How the New Police Commission President Plans to Keep the Peace

Crime and police shootings are on the rise, causing friction between the LAPD and the people it serves. Matthew Johnson wants to change that
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This is a pivotal moment for the LAPD. As the department celebrates becoming the first in the country to issue body cameras to every officer, it’s coping with a startling statistic: Police shootings in L.A. nearly doubled in 2015. Matthew Johnson has been thinking a lot about how the department responds to suspects. An African American entertainment lawyer, he is the new president of the police commission. He turned down the position in 2013 but changed his mind last fall after witnessing the national epidemic of officer-involved killings. His mission: to remake the LAPD into a model for the nation.

Johnson is critical of L.A.’s crime rate (violent offenses jumped 21 percent in 2015), but his assessment of the LAPD is largely positive.

“It took two riots and a major scandal that led to a consent decree to get there, but we really do have a transformed police department. The Los Angeles Police Commission is the most robust of any in the country. Our department demographically reflects the city to a percentage point. So on major issues we are far ahead of the curve.”

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Photo by Raquel Maria Dillon/AP

One of Johnson’s prescriptions for making the city safer—expanding programs that foster relationships between the police and the public—also boosts department morale.

“When you walk around New York, you see police officers constantly interacting with people, whether it’s in Times Square or a neighborhood in Brooklyn. That doesn’t happen here. In order for us to have the same amount of officers per capita, we would have to have an additional 7,000 officers. Financially our city is not in a place to make that happen. That means we have to look for opportunities for engagement. Most of our officers are going from call to call, and no one calls the police to come over for tea. If you’re just dealing with people on their worst days, that’s going to give you a skewed perspective on the community you’re serving.”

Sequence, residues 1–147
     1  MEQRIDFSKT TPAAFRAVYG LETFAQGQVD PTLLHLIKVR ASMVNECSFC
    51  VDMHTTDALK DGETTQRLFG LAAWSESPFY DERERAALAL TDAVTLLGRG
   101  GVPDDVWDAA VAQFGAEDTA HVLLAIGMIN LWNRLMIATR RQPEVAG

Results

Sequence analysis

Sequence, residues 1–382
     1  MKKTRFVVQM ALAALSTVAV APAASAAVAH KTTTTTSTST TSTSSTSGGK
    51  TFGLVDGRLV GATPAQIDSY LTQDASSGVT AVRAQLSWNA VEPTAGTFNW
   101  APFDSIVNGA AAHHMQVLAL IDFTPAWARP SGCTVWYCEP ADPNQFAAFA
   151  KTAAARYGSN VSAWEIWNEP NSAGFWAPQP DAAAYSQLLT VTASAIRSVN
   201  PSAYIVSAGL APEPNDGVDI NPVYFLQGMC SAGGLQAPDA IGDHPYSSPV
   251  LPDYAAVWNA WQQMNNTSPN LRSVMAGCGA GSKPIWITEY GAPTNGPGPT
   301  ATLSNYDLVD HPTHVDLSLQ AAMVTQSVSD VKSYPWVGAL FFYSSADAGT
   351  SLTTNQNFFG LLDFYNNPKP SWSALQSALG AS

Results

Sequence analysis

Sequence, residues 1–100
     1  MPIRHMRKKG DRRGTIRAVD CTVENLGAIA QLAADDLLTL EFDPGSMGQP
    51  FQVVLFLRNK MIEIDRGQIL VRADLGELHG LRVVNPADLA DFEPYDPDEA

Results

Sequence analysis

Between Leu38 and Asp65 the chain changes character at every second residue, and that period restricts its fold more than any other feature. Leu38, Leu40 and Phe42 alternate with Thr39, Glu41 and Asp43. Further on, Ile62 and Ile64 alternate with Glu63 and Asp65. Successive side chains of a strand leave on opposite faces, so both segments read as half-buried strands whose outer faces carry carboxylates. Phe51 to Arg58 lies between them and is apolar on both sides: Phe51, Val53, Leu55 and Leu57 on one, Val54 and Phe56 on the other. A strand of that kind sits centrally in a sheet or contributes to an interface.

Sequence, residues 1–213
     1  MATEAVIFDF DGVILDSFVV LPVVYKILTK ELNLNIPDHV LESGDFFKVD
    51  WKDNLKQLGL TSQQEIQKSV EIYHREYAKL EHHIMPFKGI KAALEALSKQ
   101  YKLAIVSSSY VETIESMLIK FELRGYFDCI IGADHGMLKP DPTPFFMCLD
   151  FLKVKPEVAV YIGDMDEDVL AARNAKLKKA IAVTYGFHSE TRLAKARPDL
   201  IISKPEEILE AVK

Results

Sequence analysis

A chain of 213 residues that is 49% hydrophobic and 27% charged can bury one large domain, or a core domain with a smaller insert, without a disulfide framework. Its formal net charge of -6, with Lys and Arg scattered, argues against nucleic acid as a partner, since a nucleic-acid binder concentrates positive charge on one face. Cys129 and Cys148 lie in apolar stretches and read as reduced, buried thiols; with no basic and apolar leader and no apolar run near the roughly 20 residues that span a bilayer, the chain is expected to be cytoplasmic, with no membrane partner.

Johnson is studying the LAPD’s past in order to guide it to a better future. He’s asked the inspector general for data about every occasion since 2005 in which an officer used force.

“The information will add a layer of transparency that doesn’t currently exist, but the point is to use it as a tool to improve the department. If, for example, there was a change of policy in the past that corresponds to an increase in use-of-force incidents, it’s incumbent upon us to look at that policy change. Why did it occur? Was it necessary? Do we need to change our policy now?”
The commission is already instituting programs that teach officers about constitutional rights and how to handle suspects with mental illness. In addition, Johnson is working to get more nonlethal weapons, like beanbag guns and Tasers, in the hands of police.

“The goal is not to have a bunch of shootings and for them to be ‘in policy.’ It’s to figure out what we can be doing differently to decrease the number of incidents occurring in the first place. If we can give our officers the option to use something other than deadly force when they might actually be justified in using deadly force, that’s better for everyone.”

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